Homemade tofu has a delicate taste that’s nothing like what you’re used to with store-brought tofu. I usually just chop it and add it to my food as is, its tastes good enough that it doesn’t need to be marinated or cooked.
You do need to buy or make a tofu press to make your own tofu. Mine was made by a small company named Passion Santé, and doubles as a sprouter.
Extracting the soy milk
To make a small 200g (7oz) batch of tofu, soak one cup of soybeans for 24 hours or more.
When you’re ready to make your tofu, drain and rinse the beans. In a blender, grind one cup of beans with three cups of hot water to extract the milk.
Strain the milk through a cotton bag or a strainer lined with cheesecloth over a large cooking pot and press well to extract as much milk as possible. Do this until you run of soy beans. The leftover pulp is called okara and used in some japanese dishes, but I usually just throw it away.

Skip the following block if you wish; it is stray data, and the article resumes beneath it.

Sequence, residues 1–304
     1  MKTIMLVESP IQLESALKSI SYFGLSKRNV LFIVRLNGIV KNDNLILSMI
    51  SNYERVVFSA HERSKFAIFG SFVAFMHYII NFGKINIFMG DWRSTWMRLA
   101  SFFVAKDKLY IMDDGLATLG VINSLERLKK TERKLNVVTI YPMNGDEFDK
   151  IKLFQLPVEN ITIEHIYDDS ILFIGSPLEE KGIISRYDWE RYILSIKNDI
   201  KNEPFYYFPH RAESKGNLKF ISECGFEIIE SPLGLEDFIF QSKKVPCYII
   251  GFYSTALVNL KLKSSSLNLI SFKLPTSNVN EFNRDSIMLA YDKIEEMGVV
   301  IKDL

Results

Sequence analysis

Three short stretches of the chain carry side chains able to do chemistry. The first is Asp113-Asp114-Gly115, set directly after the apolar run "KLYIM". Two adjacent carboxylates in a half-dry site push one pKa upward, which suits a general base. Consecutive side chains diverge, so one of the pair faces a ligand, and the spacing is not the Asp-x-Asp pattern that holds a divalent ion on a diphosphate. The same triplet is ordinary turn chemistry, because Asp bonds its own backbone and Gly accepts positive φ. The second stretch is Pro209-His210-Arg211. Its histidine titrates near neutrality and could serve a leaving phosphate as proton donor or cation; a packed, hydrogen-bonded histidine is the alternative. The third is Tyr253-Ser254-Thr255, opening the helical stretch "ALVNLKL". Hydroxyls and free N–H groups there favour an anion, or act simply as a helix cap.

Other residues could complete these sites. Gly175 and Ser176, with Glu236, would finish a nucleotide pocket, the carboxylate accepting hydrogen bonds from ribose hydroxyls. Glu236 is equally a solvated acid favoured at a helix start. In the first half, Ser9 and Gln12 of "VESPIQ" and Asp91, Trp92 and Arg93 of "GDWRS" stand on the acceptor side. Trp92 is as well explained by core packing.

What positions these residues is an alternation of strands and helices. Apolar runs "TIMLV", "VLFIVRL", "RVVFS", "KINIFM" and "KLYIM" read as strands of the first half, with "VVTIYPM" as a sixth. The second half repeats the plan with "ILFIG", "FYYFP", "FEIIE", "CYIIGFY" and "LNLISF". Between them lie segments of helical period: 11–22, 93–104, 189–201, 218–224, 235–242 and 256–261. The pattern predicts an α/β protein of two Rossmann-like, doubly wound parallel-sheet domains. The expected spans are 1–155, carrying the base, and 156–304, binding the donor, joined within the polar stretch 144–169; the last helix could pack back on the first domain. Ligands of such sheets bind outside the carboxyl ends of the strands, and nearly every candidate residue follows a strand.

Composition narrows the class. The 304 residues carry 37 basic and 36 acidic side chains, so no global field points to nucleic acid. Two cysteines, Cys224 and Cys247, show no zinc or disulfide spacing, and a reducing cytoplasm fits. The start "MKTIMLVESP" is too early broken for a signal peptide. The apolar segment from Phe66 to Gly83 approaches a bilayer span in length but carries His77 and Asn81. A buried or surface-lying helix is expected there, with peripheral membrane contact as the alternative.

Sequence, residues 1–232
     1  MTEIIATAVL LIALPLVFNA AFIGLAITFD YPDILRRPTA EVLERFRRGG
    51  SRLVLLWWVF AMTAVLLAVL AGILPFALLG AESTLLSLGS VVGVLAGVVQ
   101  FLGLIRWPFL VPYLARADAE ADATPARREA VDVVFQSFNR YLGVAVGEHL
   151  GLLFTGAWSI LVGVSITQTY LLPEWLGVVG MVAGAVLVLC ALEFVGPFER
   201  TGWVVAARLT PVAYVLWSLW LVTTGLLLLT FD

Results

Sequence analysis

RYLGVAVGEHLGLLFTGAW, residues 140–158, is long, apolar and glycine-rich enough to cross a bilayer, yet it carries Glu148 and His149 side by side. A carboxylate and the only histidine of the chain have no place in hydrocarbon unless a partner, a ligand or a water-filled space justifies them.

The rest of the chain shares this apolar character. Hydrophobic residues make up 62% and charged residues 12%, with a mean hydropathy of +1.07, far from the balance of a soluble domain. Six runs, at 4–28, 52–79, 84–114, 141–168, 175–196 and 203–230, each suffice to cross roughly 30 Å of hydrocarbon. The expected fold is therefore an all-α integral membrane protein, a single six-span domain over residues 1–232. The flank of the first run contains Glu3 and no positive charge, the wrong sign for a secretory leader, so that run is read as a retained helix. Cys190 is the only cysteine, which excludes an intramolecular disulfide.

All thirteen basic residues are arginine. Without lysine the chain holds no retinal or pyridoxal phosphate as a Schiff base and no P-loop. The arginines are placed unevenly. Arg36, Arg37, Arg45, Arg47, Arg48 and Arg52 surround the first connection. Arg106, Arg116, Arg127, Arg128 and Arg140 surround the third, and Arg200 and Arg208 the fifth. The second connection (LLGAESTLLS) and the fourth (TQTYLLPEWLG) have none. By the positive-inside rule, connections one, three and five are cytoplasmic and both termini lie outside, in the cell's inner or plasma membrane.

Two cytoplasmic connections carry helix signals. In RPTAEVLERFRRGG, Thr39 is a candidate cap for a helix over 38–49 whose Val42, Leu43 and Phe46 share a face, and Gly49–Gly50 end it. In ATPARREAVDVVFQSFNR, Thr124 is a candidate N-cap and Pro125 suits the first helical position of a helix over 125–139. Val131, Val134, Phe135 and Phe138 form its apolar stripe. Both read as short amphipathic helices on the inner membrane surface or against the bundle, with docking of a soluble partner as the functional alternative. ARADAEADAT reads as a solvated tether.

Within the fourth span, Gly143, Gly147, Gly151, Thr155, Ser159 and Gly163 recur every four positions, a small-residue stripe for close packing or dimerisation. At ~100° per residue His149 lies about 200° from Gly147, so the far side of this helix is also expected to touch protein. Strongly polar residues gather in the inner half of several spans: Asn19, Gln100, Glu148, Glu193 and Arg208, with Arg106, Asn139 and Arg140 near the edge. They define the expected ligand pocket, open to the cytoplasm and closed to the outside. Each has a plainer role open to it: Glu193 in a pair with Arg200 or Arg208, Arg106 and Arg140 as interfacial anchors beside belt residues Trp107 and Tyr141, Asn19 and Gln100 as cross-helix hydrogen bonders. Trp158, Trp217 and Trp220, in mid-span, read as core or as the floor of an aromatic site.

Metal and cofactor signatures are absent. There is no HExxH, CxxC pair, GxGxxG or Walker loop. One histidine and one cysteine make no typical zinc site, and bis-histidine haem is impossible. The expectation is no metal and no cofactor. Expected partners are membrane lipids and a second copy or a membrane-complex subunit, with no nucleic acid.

Separating the tofu curd and the water
Bring the milk to full boil slowly, stirring from time to time to make sure it won’t boil over and spill. It can be very sudden, so keep an eye on it.
When it’s ready, add 1/4 cup of lemon juice to curd the milk, remove the cooking pot from fire and let it cool for a few minutes. There are many others products you can use to curd the milk, but I have only tried the lemon juice since I like the lemony taste it adds to the tofu.
Pour the tofu in the mold carefully, fold the cotton bag over it and cover with the press. Push it with your hands to remove as much water for the tofu as possible and add a weight on top. I usually just use a big book as a weight.
Tofu curds, before pressing
After this, you can move everything in the fridge, pressing for at least 45 minutes. This will make a tofu that will hold together enough to cut in cubes, but a bit too soft to cook. So if you want a firmer tofu, you should press it for a few hours.
The tofu will keep in the refrigerator in water for about a week if you change water every two days.